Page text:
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Lokmat Newspaper Rupesh Kumar

Lokmat Newspaper Rupesh Kumar

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Published by: rupeshverma491993 on Jun 24, 2011
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10/18/2013

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LOKMAT
INTRODUCTIONLokmat
is the largest read & circulated Marathi language newspaper. It is the fifthlargest Indian daily and in Marathi, it is the largest selling daily with 9 lack copies aday. Lokmat has a total readership of 23.67 million. Its registered and corporate officesare located in Mumbai, Maharashtra (India) and its main administrative center is locatedat Lokmat Building, Lokmat Square, Nagpur (India).Lokmat Group is a Marathilanguage newspaper publisher in India. The company publishes three daily newspapersin English, Hindi and Marathi. It recently entered television broadcasting through a joint venture with IBN. 45000 copies produce per hours. Overall M.H. 13 printingcenter and manufacturing cost 4.70 paise and sale product cost 3.50 paise. Higher costin production dhanterash (Diwali) cost of Rs. 16 to 18.Daily 120000 unit producednewspapers.Founded Jawaharlal DardaLanguage: - Marathi -
 Lokmat 
,Hindi -
 Lokmat Samachar 
,English -
 Lokmat Times.
Edi
t
i
ons
Lokmat has 11 Marathi editions in Maharashtra. Nagpur (including Yavatmal,Wardha, Gondia, Amravati and Gadchiroli supplements),Aurangabad (including Separate Hello Lokmat Supplement For 8 Districts inMarathwada), Mumbai (including Ratnagiri & Sindhudurg), Pune, Ahmednagar (including Shirdi and Beed), Solapur, Kolhapur (including Sangli & Satara),Nashik,Jalgaon (inclusive of Dhule and Nandurbar), Akola (including Buldhana, Washim andsupplements),Goa.Lokmat also caters to the Marathi speaking population outside Maharashtra. It haseditions in Indore (Madhya Pradesh) and Belgaum (Karnataka). On 21 April 2009,Lokmat launched its Goa edition (Marathi) primarily for the Marathi-speaking population of north and north-east Goa.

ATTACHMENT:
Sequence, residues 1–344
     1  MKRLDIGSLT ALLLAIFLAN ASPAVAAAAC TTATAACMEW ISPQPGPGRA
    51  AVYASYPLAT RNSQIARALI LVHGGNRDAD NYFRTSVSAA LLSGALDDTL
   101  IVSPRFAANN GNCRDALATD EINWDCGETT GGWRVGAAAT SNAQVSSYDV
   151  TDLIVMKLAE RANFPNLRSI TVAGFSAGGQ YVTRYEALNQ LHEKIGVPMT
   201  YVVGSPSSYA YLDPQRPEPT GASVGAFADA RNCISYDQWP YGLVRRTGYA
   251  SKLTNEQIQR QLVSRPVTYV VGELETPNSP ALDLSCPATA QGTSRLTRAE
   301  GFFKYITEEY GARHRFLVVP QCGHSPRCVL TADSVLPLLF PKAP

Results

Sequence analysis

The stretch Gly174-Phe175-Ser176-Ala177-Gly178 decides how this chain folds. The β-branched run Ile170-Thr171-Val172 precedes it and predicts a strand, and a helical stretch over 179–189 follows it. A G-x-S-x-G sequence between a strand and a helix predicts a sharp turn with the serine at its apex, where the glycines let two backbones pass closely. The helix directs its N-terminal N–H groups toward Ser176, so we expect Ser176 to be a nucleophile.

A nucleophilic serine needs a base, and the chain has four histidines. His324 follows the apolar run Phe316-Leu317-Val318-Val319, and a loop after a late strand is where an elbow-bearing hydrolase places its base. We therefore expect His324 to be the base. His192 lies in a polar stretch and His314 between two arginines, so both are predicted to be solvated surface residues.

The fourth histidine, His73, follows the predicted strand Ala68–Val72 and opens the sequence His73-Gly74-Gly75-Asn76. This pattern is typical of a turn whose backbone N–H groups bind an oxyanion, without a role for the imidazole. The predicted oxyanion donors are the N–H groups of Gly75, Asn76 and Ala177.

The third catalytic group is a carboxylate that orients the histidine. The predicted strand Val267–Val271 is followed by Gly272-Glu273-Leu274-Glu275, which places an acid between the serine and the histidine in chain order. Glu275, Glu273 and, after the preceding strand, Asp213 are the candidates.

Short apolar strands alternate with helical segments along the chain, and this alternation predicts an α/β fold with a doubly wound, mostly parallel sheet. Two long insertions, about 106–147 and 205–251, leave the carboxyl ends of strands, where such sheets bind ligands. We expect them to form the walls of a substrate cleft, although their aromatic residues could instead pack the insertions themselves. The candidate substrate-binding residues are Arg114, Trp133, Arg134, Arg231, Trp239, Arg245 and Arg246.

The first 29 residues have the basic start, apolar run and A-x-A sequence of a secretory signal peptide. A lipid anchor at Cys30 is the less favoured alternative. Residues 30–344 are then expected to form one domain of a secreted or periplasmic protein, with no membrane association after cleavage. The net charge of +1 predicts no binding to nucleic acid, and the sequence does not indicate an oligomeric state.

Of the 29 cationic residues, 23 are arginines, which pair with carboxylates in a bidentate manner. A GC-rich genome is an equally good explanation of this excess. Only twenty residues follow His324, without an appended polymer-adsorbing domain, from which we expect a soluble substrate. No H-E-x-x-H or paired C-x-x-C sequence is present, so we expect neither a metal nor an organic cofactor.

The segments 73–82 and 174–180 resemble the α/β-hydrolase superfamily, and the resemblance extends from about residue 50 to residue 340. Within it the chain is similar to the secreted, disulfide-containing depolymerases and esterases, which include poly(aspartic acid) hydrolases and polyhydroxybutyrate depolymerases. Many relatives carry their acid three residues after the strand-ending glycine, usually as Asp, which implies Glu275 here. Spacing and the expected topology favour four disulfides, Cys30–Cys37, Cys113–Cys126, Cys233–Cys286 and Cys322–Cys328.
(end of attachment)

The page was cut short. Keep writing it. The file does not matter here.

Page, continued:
Newspaper Pro
duc
t
i
on
An aggregate of printing processes, whose scope and character are determined by thecirculation, volume, and frequency of publication of the newspaper.The characteristics of newspaper production, in contrast to other specialized printing processes, are an operational interdependence between the editors and the printingoffice employees, based on a strictly established hourly schedule, and the utilization of highly productive equipment to expedite the typesetting, preparation of engraving platesand matrices, casting of stereotype blocks, printing, and delivery of the newspaper.
T
i
e-
u
p w
i
th Jo
u
rnal
i
sm Colleges
In April 1999, Lokmat entered into collaboration with the Horniman College of Journalism and Mass Communication run by the Maulana Azad Education Trust(MAET). Lokmat agreed to offer theoretical education and practical training in differentdisciplines of journalism as well as provide on-the-spot training in different departmentsof newspaper production.
MANUFACTURING PROC
ESS
 Typesett
i
ng